The Healthcare Breakdown No. 010 - Breaking down F-ups and why notes are important
Brought to you by my glaring shortcomings and Wellstar... again
What we’re breaking down: Preston’s massive mistake
What you’ll learn: The importance of reading notes to a financial statement
Why it matters: A lot of good and terrible information is hiding in the notes
Read time: 4 minutes (I made that up, haven’t even started writing)
First, a little announcement!
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Now let’s have some fun at my expense!
Let’s just lay it all out there.
I made a mistake.
In my last breakdown we looked at Wellstar’s balance sheet and did a bunch of mind-numbing calculations to see how awesome Wellstar is.
A couple of those calculations revolved around cash. One such calculation was Days Cash On Hand (DCOH).
As a refresher, this number tells you how long a company can keep running if all its revenue stopped immediately. It’s a measure of liquidity or immediately available cash. Like being able to loan a stack to your friend who needs to buy a new pair of limited Air Jordan’s in 15 minutes.
Soooooo, as you recall, Wellstar’s balance sheet looks like this:
And you know, because you diligently read everything I write, that everything below current assets, are considered long-term assets. Long-term meaning it takes longer than 1 year to turn those assets into cash.
Lookie here, below current assets:
See, you have things like Property and Equipment. Your friend can’t buy sneakers with a C-Arm. That takes longer to turn into cash.
It also, theoretically, includes long-term investments. Those be here:
You may also see long-term investments simply labeled “investments” or “noncurrent investments” or whatever jargon the company dreamt up that decade. I would normally expect to see investments listed as such.
So, at face value for the days cash on hand calculation, Wellstar has $54M in cash and $4.3B in operating expenses before depreciation (from the income statement). Meaning it has a ridiculous 4 days of cash on hand.
Red flag. No way.
“Not a thing,” you (I) should have said. Instead, I went about my merry way and was just like, that’s weird, must be a timing thing. You’ll remember the Balance Sheet is a snapshot, a moment in time.
Here’s the most important thing to remember: If it looks off, something is wrong.
Your spider sense should be tingling. Either some malarkey is afoot or you have made a blunder.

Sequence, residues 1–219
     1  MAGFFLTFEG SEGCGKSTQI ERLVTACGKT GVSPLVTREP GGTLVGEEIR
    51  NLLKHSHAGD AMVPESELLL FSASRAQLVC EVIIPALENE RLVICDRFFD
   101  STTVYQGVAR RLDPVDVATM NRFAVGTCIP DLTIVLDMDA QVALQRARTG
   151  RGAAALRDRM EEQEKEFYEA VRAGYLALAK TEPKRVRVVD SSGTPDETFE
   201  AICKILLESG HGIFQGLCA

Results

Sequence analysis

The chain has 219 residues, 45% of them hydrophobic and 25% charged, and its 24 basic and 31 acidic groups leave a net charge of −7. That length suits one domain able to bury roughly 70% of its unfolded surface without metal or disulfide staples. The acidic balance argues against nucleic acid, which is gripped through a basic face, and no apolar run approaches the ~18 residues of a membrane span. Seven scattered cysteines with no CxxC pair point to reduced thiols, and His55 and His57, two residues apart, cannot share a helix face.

Malarkey aside for Wellstar, in this case I made a blunder. All be it driven by some BS.
See what I did there? Balance Sheet… BS? Get it?
Anyways, no hospital is going to have 4 days of cash on hand unless that hospital is closing in 3.
Here is where the money is hiding, I mean mentioned:
Boom! In the notes!
I will paraphrase.
Wellstar uses cash, assets limited as to use, and some other stuff as primary liquidity because it can all be turned into cash within 1 year.
On top of that, it only keeps 2-10 days of immediate liquidity on hand. Remember, that’s the money piled on a mattress out back. That’s where the 4 days came from. At least I am not totally insane.
Why the frick don’t they put it under current assets though??
So glad you asked. If there is no intention to turn the assets into cash within 1 year, they leave current asset land to the land of long-term assets.
Now that we know what should be considered cash in terms of available liquidity, we need to find out how much. With a little CTRL+F for “Assets limited as to Use,” we find this:
Pro tip: use their words for searches. They are repeated in the notes.
These are the unrestricted, but board designated funds that are viewed as liquid and included as cash since they can be sold immediately and used for anything the board deems necessary.
$1.8B ready, willing, and able.
With this new information, we can see what the real deal DCOH is:
Still not wonderful by Moody’s standards, but better than friggin’ 4!
Sweet sauce! I hope everyone enjoyed reading about my little whoopsie.
Learn from my mistakes:
1/ Always look at the notes.
2/ If something looks off, it probably is.